The examiner will take a quick visual look over the car as he/she approaches just to see if there are any obvious defects and this will usually be a general look rather than an MOT level check up, mainly to ensure that nothing is hanging off the car such as trims or sharp objects.
They will look to see that a L-plate (D-plate in Wales) is clearly visible from the front and rear of the car and will decide that it is unacceptable to have plates fixed to the windscreen or angled on some modern bonnets so that they are not visible from the front of the vehicle.
The examiner will also check to see that a rear view mirror has been positioned in front of the passenger seat for the examiners use and although some test centres will carry spare L-plates, and spare mirrors, but it is wise not to rely on others!
Your tax disc must show the vehicle’s correct details, be in date and currently valid, with registration plates needing to be the same at the front and rear of the car, and sufficiently clean and dirt free that they can be read by other road users and traffic cameras.
Quite a lot comes up for scrutiny during the Show Me, Tell Me questions.
The head, tail and brake lights must be functioning, without defective bulbs or broken lenses. If the fault is sufficiently serious but can be readily fixed, the examiner may allow sufficient time for you to sort it, so it is worth keeping spares to hand and being familiar with the repair/replacement procedure. If it takes too much time or is too significant a fault then the test may be cancelled.
Staying with the Show Me, Tell Me questions, these include questions where the condition of the tyres is called into question. It is a wise car owner who checks the condition of his/her own car in terms of tread depth, cuts, bulges and correct tyre pressure all round! You must not have a space saver wheel fitted to the car, but as a spare, the Examiner will not look in the boot.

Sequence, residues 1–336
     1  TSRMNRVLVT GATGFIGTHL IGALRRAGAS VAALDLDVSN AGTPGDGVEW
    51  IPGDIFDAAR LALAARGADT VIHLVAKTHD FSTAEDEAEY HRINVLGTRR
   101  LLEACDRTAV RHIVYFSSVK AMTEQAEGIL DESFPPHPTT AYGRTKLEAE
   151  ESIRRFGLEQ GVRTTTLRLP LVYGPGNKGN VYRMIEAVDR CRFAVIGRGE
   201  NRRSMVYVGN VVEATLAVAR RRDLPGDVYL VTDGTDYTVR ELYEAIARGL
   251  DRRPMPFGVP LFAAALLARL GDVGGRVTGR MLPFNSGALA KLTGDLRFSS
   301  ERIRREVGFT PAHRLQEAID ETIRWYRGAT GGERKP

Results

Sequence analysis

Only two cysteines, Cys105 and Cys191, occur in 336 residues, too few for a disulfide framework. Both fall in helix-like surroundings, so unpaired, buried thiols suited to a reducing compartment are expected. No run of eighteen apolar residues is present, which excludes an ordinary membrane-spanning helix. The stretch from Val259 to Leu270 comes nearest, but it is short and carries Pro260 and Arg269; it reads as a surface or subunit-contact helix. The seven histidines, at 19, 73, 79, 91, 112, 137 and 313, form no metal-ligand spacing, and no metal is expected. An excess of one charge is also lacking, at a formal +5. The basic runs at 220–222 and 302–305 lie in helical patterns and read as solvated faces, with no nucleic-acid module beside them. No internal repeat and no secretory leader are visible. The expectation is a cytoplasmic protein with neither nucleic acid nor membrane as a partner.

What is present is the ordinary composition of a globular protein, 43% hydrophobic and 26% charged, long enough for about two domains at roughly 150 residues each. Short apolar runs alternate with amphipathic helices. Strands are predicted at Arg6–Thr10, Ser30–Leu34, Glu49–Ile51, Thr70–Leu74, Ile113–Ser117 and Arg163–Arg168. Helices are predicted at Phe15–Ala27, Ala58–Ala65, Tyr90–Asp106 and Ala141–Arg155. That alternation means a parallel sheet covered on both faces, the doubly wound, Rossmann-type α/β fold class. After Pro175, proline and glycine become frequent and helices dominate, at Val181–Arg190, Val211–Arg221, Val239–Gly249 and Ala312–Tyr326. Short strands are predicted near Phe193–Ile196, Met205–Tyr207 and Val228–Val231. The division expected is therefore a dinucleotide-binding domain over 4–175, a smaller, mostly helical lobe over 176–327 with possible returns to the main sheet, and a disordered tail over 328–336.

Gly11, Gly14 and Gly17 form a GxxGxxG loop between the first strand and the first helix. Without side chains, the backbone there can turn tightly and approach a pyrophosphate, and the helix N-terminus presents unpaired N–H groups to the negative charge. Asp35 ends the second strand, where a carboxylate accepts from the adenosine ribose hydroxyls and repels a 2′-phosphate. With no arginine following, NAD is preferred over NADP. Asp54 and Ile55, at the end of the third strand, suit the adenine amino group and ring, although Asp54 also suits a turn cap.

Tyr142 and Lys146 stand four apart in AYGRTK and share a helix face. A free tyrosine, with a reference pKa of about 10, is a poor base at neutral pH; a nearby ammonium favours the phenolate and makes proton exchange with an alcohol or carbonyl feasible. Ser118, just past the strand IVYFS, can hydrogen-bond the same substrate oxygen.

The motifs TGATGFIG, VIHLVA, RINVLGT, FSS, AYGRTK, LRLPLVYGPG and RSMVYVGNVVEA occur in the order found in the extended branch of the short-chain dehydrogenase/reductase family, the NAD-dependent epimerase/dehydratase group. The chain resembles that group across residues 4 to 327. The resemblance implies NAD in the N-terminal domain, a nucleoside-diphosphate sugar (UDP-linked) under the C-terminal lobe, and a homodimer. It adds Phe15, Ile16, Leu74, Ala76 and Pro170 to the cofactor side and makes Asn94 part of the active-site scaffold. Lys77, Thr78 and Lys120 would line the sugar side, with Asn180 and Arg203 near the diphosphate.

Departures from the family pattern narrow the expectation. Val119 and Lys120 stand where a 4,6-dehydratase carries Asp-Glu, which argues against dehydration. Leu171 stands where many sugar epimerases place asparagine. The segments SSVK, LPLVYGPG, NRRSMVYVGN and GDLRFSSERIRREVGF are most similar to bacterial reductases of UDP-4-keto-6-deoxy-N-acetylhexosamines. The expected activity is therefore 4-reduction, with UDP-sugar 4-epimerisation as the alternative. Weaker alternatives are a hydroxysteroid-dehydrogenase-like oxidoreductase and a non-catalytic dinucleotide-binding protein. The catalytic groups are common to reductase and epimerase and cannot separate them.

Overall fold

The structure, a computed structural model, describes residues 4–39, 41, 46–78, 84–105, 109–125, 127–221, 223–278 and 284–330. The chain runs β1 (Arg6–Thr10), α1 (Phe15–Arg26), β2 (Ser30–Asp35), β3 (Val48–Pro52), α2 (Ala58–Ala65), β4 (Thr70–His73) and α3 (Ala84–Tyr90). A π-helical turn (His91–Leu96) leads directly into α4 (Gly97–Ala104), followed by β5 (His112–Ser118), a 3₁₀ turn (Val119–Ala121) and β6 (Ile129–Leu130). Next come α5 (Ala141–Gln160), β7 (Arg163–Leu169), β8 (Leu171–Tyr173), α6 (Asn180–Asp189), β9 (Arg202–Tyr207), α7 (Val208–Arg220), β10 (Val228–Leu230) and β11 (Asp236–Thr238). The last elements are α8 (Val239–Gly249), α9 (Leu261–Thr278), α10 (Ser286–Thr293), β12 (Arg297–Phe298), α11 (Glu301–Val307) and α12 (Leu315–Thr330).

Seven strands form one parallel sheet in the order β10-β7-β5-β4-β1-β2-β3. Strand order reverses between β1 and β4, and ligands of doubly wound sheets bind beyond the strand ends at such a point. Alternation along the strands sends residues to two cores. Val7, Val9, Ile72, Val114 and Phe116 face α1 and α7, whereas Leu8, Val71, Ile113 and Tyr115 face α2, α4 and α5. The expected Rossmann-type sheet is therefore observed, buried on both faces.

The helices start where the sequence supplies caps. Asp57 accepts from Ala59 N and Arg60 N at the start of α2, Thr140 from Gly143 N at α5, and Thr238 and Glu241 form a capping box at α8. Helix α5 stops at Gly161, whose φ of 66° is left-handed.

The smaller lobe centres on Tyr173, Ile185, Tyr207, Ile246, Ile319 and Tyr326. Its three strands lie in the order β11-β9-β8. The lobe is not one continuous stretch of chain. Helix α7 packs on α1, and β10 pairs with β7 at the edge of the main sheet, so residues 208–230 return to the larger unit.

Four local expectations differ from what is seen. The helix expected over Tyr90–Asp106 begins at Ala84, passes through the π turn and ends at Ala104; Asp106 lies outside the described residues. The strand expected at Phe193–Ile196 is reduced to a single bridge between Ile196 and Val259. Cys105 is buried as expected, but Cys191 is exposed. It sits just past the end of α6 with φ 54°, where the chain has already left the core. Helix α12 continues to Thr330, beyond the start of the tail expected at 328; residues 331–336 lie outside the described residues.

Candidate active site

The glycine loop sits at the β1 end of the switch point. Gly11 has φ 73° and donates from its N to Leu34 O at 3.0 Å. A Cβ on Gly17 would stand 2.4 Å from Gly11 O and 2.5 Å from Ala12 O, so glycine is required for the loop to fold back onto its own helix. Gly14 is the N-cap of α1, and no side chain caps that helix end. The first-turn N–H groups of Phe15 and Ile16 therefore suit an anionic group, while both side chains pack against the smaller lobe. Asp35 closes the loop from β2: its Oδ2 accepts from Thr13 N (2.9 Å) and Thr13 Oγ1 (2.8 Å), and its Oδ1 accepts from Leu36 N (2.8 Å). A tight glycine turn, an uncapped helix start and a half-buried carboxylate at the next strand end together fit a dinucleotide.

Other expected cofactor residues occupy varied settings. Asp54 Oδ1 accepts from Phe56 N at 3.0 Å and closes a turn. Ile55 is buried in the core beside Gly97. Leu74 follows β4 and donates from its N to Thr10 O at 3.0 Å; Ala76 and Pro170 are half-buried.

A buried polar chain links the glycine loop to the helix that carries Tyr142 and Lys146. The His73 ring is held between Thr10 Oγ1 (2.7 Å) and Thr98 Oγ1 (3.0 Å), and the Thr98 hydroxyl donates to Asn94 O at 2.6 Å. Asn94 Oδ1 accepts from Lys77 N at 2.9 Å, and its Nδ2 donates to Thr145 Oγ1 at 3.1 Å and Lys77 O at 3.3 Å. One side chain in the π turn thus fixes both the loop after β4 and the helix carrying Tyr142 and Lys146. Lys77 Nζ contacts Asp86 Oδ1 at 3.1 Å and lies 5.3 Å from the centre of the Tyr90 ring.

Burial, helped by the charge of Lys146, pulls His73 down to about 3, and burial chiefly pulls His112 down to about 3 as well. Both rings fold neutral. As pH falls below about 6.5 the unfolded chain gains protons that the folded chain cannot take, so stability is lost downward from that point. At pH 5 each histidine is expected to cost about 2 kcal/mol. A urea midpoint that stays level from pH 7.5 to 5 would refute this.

Head restraints must be in position for both the front seats, and available for the rear seats should you wish your Instructor to sit in on the exam or a should a supervising examiner accompany the test. Have them at the ready just in case.
The airbags will be checked, in that nothing should be located on them should they inflate… store the sat nav out of harm’s way, along with nodding dogs and other potential missiles!
Controversial I know, but quite a lot of publicity has been given recently to the amount of space in the back of small cars on the practical test. Some super minis have been refused due to lack of space at the back of the vehicle, and the size of the supervising examiner. Choose your vehicle carefully!
Finally, it is essential that all warning lights (red and amber) go out appropriately on the dash board. If they continue to remain illuminated, then the test may be called to a halt by the examiner.
It is likely that more issues will arise in the future that may cause a test to be cancelled, but for the time being make sure your car is test worthy to avoid the inconvenience and upset that test cancellation may cause.
Maybe better still, book your test through your Driving Instructor who will shoulder the burden of vehicle test worthiness, and offer the examiner the reassurance of dual controls should he need them! You probably have enough to worry about on the day of the test then the reliability of your car!